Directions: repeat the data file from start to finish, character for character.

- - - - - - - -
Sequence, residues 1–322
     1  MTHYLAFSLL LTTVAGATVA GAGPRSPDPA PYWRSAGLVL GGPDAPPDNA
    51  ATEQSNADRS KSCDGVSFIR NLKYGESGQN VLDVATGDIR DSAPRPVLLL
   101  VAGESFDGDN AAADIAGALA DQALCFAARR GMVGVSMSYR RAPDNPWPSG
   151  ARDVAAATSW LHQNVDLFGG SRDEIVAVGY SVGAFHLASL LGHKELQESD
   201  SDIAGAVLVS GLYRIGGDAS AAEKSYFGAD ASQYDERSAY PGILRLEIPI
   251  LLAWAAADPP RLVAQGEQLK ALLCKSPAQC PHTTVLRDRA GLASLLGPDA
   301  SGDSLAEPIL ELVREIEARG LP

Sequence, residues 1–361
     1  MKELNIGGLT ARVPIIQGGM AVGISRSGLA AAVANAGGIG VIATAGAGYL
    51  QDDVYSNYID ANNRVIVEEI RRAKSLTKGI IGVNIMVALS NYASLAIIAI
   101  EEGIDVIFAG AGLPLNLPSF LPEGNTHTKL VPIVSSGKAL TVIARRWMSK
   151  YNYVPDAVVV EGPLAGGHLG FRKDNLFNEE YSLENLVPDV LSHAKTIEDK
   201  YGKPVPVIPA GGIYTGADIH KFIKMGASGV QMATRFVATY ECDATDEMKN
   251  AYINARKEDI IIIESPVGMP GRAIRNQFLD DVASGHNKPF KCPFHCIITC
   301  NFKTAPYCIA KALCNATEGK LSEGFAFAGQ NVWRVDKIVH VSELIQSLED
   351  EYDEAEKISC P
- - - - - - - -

Sequence, residues 1–322
     1  MTHYLAFSLL LTTVAGATVA GAGPRSPDPA PYWRSAGLVL GGPDAPPDNA
    51  ATEQSNADRS KSCDGVSFIR NLKYGESGQN VLDVATGDIR DSAPRPVLLL
   101  VAGESFDGDN AAADIAGALA DQALCFAARR GMVGVSMSYR RAPDNPWPSG
   151  ARDVAAATSW LHQNVDLFGG SRDEIVAVGY SVGAFHLASL LGHKELQESD
   201  SDIAGAVLVS GLYRIGGDAS AAEKSYFGAD ASQYDERSAY PGILRLEIPI
   251  LLAWAAADPP RLVAQGEQLK ALLCKSPAQC PHTTVLRDRA GLASLLGPDA
   301  SGDSLAEPIL ELVREIEARG LP

Sequence, residues 1–361
     1  MKELNIGGLT ARVPIIQGGM AVGISRSGLA AAVANAGGIG VIATAGAGYL
    51  QDDVYSNYID ANNRVIVEEI RRAKSLTKGI IGVNIMVALS NYASLAIIAI
   101  EEGIDVIFAG AGLPLNLPSF LPEGNTHTKL VPIVSSGKAL TVIARRWMSK
   151  YNYVPDAVVV EGPLAGGHLG FRKDNLFNEE YSLENLVPDV LSHAKTIEDK
   201  YGKPVPVIPA GGIYTGADIH KFIKMGASGV QMATRFVATY ECDATDEMKN
   251  AYINARKEDI IIIESPVGMP GRAIRNQFLD DVASGHNKPF KCPFHCIITC
   301  NFKTAPYCIA KALCNATEGK LSEGFAFAGQ NVWRVDKIVH VSELIQSLED
   351  EYDEAEKISC P